Fiction — print. Sourcebooks Landmark, 2010. 423 pgs. Received from PaperBackSwap.
Fitzwilliam and Georgiana Darcy’s cousins, Frederick and Clarissa, arrive from America much to the chagrin of Lady Catherine de Bough, who decides Clarissa is more vexing and brash than Americans normally are. Georgiana, however, is intrigued by her self-confident cousin and quickly becomes Clarissa’s partner-in-crime setting up clandestine meetings between her American cousin and her de Bough cousin so Clarissa can help squirrel Anne out from under her mother’s thumb.
But Clarissa’s lively personality and easy nature in public — a stark contrast to Georgina’s personality — attracts the attention of all the men in the neighborhood, including the man Georgina is interested in, and sets both girls up as accused accomplices when Anne mysteriously disappears one night.
This novel is one of the few follow-ups that manages to focus on Georgina and Anne in a way that feels true to the original characters, and the evolution of their characters was my favorite aspect of this novel. Georgina slowly creeps out of her shell rather than being yanked out by a contrived plot, although there are some aspects of her and Clarissa’s behavior that is very shocking for the time period in which this novel takes place. Appearing to be meek and sickly, Anne is actually a rather strong character, a great lover of books, particularly ones her mother disapproves of, and longs to travel to the places she visits only through books.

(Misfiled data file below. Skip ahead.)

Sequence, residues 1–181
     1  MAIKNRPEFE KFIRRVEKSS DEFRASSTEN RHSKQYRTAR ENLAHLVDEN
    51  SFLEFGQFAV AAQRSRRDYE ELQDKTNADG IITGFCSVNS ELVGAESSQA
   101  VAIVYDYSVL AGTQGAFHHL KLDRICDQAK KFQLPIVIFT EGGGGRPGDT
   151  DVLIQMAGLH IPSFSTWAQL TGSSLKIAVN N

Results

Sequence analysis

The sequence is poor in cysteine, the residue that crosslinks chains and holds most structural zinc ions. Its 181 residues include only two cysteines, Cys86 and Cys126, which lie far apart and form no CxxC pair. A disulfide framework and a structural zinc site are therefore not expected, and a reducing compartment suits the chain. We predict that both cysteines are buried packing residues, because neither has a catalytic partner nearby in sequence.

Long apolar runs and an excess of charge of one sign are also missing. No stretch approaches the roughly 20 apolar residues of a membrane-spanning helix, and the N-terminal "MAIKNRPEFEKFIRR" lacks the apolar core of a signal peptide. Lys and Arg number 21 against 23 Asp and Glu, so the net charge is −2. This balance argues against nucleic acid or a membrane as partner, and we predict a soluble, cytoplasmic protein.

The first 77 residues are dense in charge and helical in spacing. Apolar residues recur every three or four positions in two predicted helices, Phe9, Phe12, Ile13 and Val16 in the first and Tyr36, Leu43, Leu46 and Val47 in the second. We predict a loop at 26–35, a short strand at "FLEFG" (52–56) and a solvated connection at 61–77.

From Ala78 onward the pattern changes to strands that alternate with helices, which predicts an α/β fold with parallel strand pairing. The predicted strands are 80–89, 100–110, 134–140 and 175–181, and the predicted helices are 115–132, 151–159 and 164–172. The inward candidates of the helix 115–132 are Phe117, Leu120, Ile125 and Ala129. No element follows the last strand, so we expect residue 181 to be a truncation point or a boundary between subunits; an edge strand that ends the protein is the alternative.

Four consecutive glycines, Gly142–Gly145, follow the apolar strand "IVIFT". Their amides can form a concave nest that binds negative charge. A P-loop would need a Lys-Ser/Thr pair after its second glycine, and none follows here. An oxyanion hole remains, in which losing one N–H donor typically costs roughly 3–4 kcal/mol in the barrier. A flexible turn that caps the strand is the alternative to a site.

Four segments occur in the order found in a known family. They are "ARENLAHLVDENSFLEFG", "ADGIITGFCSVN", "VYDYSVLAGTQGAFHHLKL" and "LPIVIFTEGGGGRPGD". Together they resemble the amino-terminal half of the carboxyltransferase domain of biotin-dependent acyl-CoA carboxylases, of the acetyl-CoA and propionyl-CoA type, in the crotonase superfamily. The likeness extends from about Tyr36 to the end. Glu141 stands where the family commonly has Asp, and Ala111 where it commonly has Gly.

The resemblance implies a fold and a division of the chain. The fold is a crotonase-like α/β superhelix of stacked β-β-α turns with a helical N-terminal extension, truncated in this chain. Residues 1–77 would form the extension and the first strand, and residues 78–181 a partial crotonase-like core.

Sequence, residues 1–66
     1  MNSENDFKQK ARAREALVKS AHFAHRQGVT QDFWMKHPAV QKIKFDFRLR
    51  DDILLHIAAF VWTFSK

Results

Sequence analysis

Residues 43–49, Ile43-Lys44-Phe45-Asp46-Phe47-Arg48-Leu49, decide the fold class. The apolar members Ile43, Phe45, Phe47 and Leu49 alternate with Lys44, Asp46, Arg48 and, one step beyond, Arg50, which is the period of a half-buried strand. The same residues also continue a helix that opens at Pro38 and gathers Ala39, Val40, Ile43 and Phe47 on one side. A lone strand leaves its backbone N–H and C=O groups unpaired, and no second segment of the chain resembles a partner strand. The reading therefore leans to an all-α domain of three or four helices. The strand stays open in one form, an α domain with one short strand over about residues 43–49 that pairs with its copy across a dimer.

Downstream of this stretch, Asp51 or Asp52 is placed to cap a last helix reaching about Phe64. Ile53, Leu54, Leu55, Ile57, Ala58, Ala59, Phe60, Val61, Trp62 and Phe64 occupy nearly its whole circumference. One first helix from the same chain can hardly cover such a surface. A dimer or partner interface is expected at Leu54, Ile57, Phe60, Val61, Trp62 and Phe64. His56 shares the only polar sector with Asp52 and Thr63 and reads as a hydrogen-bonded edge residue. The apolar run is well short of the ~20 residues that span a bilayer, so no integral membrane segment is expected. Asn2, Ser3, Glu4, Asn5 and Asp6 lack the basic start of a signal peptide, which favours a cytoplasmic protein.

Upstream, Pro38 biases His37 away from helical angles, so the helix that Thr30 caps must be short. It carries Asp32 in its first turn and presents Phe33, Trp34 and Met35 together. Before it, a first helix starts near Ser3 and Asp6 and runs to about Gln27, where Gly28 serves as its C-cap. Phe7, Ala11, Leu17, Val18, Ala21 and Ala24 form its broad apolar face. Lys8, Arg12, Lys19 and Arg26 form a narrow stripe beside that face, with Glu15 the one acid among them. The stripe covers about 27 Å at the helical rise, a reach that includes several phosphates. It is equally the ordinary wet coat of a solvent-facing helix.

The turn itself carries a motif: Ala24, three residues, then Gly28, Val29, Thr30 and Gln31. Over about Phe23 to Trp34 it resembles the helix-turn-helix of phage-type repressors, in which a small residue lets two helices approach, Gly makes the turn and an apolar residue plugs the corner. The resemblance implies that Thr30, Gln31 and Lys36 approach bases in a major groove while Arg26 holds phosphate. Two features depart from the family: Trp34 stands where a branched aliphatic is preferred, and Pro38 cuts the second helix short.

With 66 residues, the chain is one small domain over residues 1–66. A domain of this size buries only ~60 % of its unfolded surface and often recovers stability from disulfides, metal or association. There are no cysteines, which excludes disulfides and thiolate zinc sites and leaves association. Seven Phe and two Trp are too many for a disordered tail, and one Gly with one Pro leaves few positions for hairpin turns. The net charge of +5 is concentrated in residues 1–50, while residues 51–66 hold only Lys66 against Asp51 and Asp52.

Somehow I managed to miss the memo that this is actually the second book in a series, but I never felt like this impeded my ability to understand the story being told in this novel. I’m not sure I will go back and read the first book in the series, however, because the events of that novel are very readily discussed in this novel. I wish I hadn’t made such an error as I thoroughly enjoyed Fairview’s novel.